Allocating Social Security Benefits for Grandchildren

By Jonathan Peterson

Copyright © 2015 AARP. All rights reserved.

Retirement benefits are the first thing most people think of when the subject is Social Security. But that’s just part of the story. Workers who gain Social Security coverage potentially earn benefits for other family members.

In certain cases, this can include a worker’s grandchildren or step grandchildren. This benefit is meant to protect kids whose parents have died or become disabled, or who’ve been adopted by a grandparent.

The grandchild must be truly dependent on the grandparent, who must be able to document this. In addition, the grandparent must be a worker or retiree who has earned Social Security benefits.

The actual rules are a bit technical. (No surprise there.) To qualify, the child must rely on the grandparent for more than half of his or her support for a year before the month in which the grandparent begins receiving Social Security. If a grandparent is getting benefits before the grandchild becomes dependent, then another requirement kicks in: The older relative must adopt the child. In addition, the Social Security Administration requires that the child live with the grandparent before turning 18.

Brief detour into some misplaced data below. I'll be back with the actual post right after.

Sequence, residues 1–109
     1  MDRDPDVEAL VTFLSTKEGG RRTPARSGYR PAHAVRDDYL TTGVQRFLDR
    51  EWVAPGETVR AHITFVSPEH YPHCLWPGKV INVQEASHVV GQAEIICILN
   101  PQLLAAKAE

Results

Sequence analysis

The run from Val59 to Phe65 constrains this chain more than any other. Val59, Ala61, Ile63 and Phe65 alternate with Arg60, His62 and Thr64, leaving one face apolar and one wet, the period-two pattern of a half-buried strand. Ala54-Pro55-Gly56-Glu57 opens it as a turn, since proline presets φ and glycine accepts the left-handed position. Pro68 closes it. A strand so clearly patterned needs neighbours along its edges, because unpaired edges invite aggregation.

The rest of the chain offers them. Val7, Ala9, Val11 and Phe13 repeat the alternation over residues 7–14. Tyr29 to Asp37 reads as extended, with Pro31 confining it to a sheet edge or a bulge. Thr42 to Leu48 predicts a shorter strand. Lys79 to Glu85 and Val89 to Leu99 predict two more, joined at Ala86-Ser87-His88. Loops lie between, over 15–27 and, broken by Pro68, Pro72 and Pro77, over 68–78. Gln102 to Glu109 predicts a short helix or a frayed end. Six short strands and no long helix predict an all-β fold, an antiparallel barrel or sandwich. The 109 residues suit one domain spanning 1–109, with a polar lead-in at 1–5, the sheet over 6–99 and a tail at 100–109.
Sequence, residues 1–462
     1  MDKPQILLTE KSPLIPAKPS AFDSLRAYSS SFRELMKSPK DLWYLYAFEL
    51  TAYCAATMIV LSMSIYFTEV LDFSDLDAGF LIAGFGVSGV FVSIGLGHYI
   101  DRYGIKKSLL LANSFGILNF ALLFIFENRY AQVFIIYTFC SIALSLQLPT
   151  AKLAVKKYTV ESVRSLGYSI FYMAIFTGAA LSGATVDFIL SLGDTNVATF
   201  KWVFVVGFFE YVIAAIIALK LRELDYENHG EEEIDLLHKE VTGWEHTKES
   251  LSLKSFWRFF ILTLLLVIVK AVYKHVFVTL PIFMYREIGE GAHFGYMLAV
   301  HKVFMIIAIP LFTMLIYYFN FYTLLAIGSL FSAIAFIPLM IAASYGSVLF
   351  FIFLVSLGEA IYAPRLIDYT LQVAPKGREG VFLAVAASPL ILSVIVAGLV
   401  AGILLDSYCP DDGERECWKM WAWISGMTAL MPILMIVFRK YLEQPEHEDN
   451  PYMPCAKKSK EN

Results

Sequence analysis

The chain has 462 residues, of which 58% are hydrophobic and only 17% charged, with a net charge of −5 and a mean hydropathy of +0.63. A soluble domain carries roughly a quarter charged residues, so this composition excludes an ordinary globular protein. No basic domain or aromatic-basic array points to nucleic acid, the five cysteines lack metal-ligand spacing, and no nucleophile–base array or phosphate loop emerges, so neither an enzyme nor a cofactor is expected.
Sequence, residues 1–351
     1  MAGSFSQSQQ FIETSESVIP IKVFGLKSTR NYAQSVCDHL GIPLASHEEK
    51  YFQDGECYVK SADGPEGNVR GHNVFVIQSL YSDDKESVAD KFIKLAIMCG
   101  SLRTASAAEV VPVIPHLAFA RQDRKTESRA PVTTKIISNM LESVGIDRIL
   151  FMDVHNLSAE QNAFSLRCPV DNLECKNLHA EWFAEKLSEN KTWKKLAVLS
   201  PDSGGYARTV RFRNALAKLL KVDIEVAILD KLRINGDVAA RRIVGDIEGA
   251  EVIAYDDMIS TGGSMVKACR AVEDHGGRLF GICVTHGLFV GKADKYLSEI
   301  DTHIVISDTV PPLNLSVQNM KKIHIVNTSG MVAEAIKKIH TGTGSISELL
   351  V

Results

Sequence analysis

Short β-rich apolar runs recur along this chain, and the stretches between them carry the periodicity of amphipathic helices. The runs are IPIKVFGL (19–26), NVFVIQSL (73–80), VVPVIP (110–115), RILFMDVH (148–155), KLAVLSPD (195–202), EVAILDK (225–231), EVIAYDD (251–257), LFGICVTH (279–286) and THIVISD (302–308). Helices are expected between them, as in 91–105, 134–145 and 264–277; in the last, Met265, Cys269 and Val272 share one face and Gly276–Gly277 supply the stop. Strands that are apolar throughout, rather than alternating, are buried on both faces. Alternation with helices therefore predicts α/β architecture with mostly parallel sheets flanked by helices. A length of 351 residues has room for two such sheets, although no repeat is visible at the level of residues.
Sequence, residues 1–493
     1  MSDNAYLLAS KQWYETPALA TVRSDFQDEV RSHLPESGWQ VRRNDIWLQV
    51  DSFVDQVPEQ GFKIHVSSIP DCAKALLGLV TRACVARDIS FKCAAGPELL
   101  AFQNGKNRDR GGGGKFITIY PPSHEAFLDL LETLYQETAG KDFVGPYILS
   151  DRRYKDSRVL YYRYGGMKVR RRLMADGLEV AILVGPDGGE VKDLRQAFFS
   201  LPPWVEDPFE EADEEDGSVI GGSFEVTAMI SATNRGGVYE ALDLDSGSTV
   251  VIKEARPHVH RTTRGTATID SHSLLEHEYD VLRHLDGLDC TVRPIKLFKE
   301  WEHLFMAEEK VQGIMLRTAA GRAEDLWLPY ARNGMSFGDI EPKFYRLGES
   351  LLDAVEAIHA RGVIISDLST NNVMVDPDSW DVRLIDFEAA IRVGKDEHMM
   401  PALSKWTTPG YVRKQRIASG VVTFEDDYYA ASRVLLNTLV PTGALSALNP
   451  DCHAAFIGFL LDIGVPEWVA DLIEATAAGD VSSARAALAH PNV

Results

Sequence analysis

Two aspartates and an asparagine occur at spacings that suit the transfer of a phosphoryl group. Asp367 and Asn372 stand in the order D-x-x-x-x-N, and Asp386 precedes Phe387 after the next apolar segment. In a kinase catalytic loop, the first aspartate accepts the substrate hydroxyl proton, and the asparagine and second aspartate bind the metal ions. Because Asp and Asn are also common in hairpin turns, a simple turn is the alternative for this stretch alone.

At a time when multi-generational families are increasingly common, these rules may apply to households that have no idea they qualify. Social Security does draw the line at grandchildren, however. A worker’s great-grandchild isn’t eligible.

Check here for a description of the Social Security benefit for grandchildren. But the language may be hard to follow. If you believe your grandchild may qualify for Social Security, call the Social Security Administration (SSA) at 1-800-772-1213 (TTY 1-800-325-0778) or check in at your local Social Security office.